Comparing the candidates

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Comparing the candidates

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As the Dec. 19 presidential election has boiled down to a contest between one main conservative and one main liberal candidate, the contrast between the campaigns of Park Geun-hye of the ruling Saenuri Party and Moon Jae-in of the opposition Democratic United Party has become more evident than ever.



What are the campaign slogans?

While the campaigns officially started yesterday, Park has long promoted the idea that she is prepared to become the country’s first female president.

“The voters must choose a candidate who is prepared to run the country,” she said on Nov. 18. “With the delicate yet strong mind of a mother who protects a family, I will protect this country.”

She also stressed that electing a female president for the first time will also bring about unprecedented changes.

Moon highlighted the slogan of “future” in his campaign. Rhee Mok-hee, chief planner of the campaign, said yesterday that the election will be a competition between the past and the future.

“This is a matter of going forward to the future with Moon or staying in the past with Park,” he said.



Who is leading their campaigns?

Park, who won the party primary first, created her campaign with key associates and outside experts. Kim Moo-sung, Park’s longtime ally and former Saenuri floor leader, is the center of her campaign. After joining the camp early last month, Kim managed to show strong organizational skills to push forward the campaign and recruited many non-Park allies.

Ahn Dae-hee, former senior prosecutor appointed to lead Park’s political overhaul, is her campaign’s symbol of reform. After Ahn Cheol-soo, a liberal political icon, dropped out of the race amidst a bitter negotiation with Moon to merge their candidacies, Ahn Dae-hee vowed to win over Ahn’s supporters by promising that Park will enact Ahn’s reform agendas.

Han Kwang-ok, a key Kim Dae-jung loyalist, is also an important member of Park’s campaign as Park has promoted the “grand national unity” vision to mend the generational and ideological divides.

Kim Chong-in, the architect of Park’s economic democratization pledges, practically stepped away from the campaign after some discord with her associates.

Nicknamed “the Furnace,” Moon’s election campaign committee is a mixture of people from the DUP, civic groups and academia.

While his associates who served in the Roh Moo-hyun government with him started as key members, non-Roh loyalists emerged largely during the process of Moon’s presidential deal with Ahn Cheol-soo, as Ahn demanded strong political reform within the DUP.

Representative Noh Young-min is Moon’s chief of staff and he is in charge of the candidate’s scheduling, messages and even wardrobe. All briefings to Moon go through him during the campaign.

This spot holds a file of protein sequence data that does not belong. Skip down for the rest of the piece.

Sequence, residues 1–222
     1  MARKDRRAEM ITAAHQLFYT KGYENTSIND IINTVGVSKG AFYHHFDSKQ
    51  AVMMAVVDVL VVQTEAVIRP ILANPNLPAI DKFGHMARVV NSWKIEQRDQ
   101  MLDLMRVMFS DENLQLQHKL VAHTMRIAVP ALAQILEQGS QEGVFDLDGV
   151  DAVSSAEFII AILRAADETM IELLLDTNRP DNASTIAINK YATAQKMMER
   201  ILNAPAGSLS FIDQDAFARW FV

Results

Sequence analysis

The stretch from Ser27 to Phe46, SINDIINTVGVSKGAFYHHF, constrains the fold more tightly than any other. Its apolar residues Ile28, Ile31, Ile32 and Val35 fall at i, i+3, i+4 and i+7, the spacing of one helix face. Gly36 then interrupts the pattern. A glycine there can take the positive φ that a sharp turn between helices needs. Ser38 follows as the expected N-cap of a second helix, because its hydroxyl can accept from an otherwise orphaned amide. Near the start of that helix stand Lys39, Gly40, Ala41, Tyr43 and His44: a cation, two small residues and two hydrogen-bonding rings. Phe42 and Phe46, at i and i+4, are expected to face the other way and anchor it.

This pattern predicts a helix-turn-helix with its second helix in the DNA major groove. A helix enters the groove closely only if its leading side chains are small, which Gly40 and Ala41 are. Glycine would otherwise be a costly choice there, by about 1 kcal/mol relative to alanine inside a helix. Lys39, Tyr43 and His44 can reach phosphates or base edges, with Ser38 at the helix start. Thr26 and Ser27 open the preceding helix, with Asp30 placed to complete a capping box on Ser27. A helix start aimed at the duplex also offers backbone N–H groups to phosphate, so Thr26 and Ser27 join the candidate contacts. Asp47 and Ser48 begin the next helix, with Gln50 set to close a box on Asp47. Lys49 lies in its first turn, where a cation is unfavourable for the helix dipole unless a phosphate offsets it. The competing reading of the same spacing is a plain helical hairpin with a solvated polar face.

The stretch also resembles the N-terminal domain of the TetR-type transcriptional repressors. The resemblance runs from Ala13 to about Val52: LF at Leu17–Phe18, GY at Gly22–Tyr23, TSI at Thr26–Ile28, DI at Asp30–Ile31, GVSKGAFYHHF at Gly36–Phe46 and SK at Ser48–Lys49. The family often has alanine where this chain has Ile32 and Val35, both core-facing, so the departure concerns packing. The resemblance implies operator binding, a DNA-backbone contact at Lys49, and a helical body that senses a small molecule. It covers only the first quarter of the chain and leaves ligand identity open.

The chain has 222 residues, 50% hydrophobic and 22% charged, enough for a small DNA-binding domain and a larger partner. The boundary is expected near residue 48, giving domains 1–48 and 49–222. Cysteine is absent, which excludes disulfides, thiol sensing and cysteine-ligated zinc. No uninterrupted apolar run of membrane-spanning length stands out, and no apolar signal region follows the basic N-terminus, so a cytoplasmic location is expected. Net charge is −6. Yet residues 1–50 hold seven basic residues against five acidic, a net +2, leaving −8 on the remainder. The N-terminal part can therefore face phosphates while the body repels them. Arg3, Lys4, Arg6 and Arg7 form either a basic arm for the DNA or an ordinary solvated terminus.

Kim Boo-kyum, co-chairman of Moon’s campaign, is particularly focusing his efforts on expanding Moon’s popularity in Daegu and North Gyeongsang, the traditional stronghold of the Saenuri Party.

Representative Park Young-sun, a co-head of the committee, emerged as one of the most influential strategists as she earned the special trust of Moon. During the negotiation with Ahn, Park was Moon’s chief negotiator.



Battle between the conservative and the liberal

Both Park and Moon are supported by influential figures in the conservative and liberal spectrums.

Park is largely supported by the established politicians from the conservative spectrum. Lee Hoi-chang, two-time presidential candidate of the Grand National Party, the predecessor of the Saenuri Party, recently declared his support for Park.

Representative Chung Mong-joon, a senior member of the Saenuri Party, is a co-chairman of Park’s campaign and he gave stump speeches in Seoul yesterday to assist her.

Moon is backed by liberal politicians including his DUP primary rivals Sohn Hak-kyu, Kim Du-kwan and Chung Sye-kyun.

After his primary defeat, Sohn stayed away from Moon’s campaign for two months, but the two met Monday and agreed to cooperate. Since he served as the governor of Gyeonggi, Sohn will focus his efforts in the capital region.

Lee Hae-chan, who stepped down from the DUP chairmanship during the liberal candidacy merger process to satisfy Ahn Cheol-soo’s demand, will also support Moon’s stumping in Seoul and his home province of South Chungcheong.

Progressive politicians are also supporting his campaign. Sim Sang-jeong of the Progressive Justice Party, who announced her decision to drop out from the race Monday, is formally endorsing Moon. Rhyu Si-min, a senior member of the Progressive Justice Party, is also supporting Moon.

By Ser Myo-ja [myoja@joongang.co.kr]

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